Space race is on as Branson’s Virgin Galactic plans to go public

Branson in competition with Amazon founder Bezos to bring tourists to space

Richard Branson walks near Virgin Galactic’s mothership WhiteKnightTwo, intended to carry SpaceShipTwo to launch commercial passengers into space. Photograph: Mark Greenberg/Virgin Galactic/Reuters

Richard Branson's space-tourism venture, Virgin Galactic, plans to go public as part of a deal with a special purpose acquisition company (SPAC) created by Social Capital LP chief executive Chamath Palihapitiya, sources claimed.

The deal was earlier reported by the Wall Street Journal, which said the SPAC, Social Capital Hedosophia Holdings, will invest about $800 million (€714 million) for a 49 per cent stake in Virgin Galactic.

The deal could be announced as early as Tuesday morning, said the source.

Virgin Galactic and Social Capital Hedosophia did not respond to requests for comment.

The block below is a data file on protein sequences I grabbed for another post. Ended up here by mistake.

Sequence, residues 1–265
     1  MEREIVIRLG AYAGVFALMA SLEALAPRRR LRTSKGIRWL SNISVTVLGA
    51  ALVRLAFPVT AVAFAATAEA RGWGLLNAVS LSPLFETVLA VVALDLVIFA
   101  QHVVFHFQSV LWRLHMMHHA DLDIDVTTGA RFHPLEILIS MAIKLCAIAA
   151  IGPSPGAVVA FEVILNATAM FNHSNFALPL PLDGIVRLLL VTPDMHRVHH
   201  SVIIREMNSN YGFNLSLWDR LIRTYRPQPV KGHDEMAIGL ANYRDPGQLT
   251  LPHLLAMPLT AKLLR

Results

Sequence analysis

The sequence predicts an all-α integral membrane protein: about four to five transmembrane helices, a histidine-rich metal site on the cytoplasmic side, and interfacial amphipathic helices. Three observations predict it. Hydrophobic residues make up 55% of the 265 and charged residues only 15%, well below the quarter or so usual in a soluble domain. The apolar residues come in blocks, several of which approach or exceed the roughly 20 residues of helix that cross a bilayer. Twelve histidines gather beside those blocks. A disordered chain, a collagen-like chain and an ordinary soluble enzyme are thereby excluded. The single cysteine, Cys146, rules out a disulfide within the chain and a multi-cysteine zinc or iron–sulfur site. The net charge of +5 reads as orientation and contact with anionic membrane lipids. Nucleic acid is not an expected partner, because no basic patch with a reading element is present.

Mr Branson's company is racing against Blue Origin, the space business of Amazon founder Jeff Bezos, to bring tourists into space.

Virgin Galactic in February soared to the edge of space with a test passenger for the first time, nudging the company closer to its goal of suborbital flights for space tourists.

After Mr Branson founded the company in 2004, his ambitious timeline for taking customers into space suffered delays and a fatal setback when the original SpaceShipTwo crashed on a test flight in 2014 that killed the co-pilot and seriously injured the pilot.

Mr Branson has said he plans to be the first passenger on SpaceShipTwo’s first commercial flight in mid-2019. – Reuters